Sustainability in business and environmental, social, or governance (ESG) factors in finance have entered the mainstream. In 2020, the CEO of Blackrock wrote: “Our investment conviction is that sustainability and climate integrated portfolios can provide better risk-adjusted returns to investors.”
At NYU Stern’s Center for Sustainable Business, we set out to study the state of the research on the topic and surveyed 1,141 primary peer-reviewed papers and 27 meta-reviews (based on ~1,400 underlying studies) published between 2015 and 2020. Recent interest is enormous: The research output over the last five years matches the number of articles published prior to 2015.
Our meta-analysis found robust evidence that better ESG is associated with better financial performance in corporate-focused studies. Investor-focused studies demonstrate that ESG investing, on average, is comparable or preferable to conventional investing. In addition, we also developed six propositions based on the research, such as the finding that ESG disclosures alone are not necessarily associated with better financial or ESG performance.
Our research finds that the question of whether ESG/sustainability is associated with better financial performance continues to generate significant debate. Many still argue the evidence is ambiguous or that ESG is, at best, a distraction from the real business of making money.
Thus, one of the main objectives in our study was to disentangle a common conflation: Are there differences among studies based on whether they focus on corporate managers or investors? To do so, we classified and reviewed three types of studies: corporate, investor, and thematic (limited to climate change). We screened, coded, and analyzed the resulting sample of 245 primary studies. Descriptively, 58 percent (± 7 percent) of corporate studies interpreted the correlation between ESG and financial performance as positive (see chart below). For investment studies, one in three studies (33 percent ± 8 percent) found a positive performance (typically a risk-adjusted return such as Jensen’s alpha) for sustainable portfolio management strategies compared with conventional investing.
We analyzed 15 existing, quantitative meta-analyses in a second-order meta-analysis (a meta-meta-analysis). They cover more than 1000 studies published between 1976 and 2018. Again, we found evidence consistent with our two general findings: that corporate sustainability results in better financial performance in a majority of studies while investor studies generally find similar returns. One explanation we explore: If a study found a null result (ESG and conventional strategies are indistinguishable), practitioners may deem this successful, but researchers (us in this case) would code it as neutral and not positive. While we do not settle this issue in this paper, we do argue that investor studies often lack clarity around how they assess sustainable investment strategies (conflating negative screen strategies with ESG integration strategies for example, while they have very different risk/return profiles).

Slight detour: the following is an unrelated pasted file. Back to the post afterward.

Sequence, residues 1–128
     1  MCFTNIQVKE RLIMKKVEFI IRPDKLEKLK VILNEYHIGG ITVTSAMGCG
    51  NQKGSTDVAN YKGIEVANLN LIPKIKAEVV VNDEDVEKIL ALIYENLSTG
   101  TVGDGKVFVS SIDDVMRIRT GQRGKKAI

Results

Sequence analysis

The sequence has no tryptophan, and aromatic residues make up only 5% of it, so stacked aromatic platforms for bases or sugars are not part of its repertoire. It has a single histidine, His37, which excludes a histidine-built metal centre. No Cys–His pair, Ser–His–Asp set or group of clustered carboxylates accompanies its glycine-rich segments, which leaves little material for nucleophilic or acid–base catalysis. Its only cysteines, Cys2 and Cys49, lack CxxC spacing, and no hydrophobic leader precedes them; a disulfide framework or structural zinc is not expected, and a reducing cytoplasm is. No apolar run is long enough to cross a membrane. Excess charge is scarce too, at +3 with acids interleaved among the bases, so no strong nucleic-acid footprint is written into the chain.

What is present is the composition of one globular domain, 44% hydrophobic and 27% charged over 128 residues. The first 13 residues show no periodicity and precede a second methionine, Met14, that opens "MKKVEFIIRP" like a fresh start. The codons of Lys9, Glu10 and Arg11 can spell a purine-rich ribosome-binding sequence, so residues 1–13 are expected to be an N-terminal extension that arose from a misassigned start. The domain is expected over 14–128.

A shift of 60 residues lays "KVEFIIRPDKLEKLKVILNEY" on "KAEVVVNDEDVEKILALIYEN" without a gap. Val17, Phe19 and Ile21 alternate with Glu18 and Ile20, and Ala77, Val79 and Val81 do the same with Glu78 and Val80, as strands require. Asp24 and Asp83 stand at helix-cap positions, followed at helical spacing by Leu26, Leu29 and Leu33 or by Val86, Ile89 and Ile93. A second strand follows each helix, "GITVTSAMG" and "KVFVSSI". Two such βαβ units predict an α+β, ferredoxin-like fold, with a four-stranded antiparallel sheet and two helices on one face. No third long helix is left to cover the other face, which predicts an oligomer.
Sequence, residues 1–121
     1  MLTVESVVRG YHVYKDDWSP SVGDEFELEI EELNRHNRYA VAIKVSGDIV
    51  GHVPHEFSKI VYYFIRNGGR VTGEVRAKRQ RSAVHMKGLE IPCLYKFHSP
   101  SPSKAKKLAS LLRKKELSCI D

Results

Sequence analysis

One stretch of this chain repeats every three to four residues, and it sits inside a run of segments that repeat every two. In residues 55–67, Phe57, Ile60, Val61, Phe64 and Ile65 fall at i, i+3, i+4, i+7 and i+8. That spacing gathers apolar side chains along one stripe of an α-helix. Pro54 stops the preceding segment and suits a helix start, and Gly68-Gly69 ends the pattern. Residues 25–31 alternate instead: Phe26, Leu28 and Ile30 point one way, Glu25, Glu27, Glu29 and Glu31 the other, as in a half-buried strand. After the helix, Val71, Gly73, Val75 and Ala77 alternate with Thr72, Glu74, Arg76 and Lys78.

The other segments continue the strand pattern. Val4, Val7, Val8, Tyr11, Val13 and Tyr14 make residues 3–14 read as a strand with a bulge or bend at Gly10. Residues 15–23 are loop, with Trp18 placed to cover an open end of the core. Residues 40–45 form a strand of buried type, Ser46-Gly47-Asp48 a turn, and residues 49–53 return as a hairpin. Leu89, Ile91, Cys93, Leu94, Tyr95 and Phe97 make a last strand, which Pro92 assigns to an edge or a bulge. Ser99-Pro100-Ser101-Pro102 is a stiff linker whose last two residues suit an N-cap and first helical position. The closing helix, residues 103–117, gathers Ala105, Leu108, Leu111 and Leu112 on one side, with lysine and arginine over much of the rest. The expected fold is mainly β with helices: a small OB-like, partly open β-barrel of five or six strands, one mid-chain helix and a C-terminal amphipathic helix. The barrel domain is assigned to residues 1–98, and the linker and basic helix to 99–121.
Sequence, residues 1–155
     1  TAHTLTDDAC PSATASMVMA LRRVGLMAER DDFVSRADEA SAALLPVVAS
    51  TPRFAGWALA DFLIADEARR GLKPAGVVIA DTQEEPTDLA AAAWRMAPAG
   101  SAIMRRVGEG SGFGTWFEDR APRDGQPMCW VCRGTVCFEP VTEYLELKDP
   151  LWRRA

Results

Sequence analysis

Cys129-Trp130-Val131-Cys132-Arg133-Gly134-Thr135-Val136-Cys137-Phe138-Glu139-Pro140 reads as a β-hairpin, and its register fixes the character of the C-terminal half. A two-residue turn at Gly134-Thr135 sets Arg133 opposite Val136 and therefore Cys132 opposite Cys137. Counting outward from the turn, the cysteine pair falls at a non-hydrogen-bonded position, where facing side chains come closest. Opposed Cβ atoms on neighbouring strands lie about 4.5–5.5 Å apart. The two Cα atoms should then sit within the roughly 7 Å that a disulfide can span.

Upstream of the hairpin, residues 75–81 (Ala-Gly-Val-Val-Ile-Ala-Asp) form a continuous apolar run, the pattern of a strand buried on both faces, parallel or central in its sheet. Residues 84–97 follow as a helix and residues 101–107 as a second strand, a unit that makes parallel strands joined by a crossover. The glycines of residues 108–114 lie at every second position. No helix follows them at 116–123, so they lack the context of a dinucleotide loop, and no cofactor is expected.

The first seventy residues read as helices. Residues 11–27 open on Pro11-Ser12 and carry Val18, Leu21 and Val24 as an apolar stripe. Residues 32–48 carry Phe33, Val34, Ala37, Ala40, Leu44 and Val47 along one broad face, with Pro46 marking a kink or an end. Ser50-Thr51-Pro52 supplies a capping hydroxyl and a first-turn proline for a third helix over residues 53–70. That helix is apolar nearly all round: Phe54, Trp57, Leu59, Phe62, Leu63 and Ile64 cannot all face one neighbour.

In the paper we also developed an ordinal logistic regression model. This model aims to explain how different study characteristics lead to an overall conclusion that is positive, mixed, or negative. For example, we developed proxies for a study’s causal research design, underlying mechanisms (what we call mediating factors), and general features of the study such as accounting- versus market-based measures of financial performance.
We interpreted the result of our research, review, and model as a set of six propositions, replicated here:
- Studies that focused on corporate disclosures versus performance showed lower associations with financial performance.
- Improved financial performance due to ESG becomes more marked over a longer time horizon.
- More research is needed on the mediating factors driving the ESG-CFP relationship, but risk management and innovation stand out.
- ESG integration as a strategy seems to perform better than screening and divesting.
- ESG investing provides asymmetric benefits, i.e. downside protection, especially as during a social or economic crisis.
- Research on mitigating climate change through decarbonization strategies is fairly recent but finds promising evidence for better financial performance.
Finance and management are not static fields, so it is likely that these propositions will evolve. We encourage researchers and practitioners to test them critically. Over time, markets may adapt or climate change strategies may become a common practice instead of a source of competitive advantage. Either way, sustainability investments, from promoting innovation to preventing pandemics, are more relevant than ever.
This post comes to us from Research Fellow Ulrich Atz and Research Associate Professor Tracy Van Holt at the NYU Stern Center for Sustainable Business and Zongyuan (Zoe) Liu, Instructional Assistant Professor at the Bush School of Government & Public Service, Texas A&M University. It is based on their recent article, “Do Corporate Sustainability and Sustainable Finance Generate Better Financial Performance? A Review and Meta-analysis,” available here.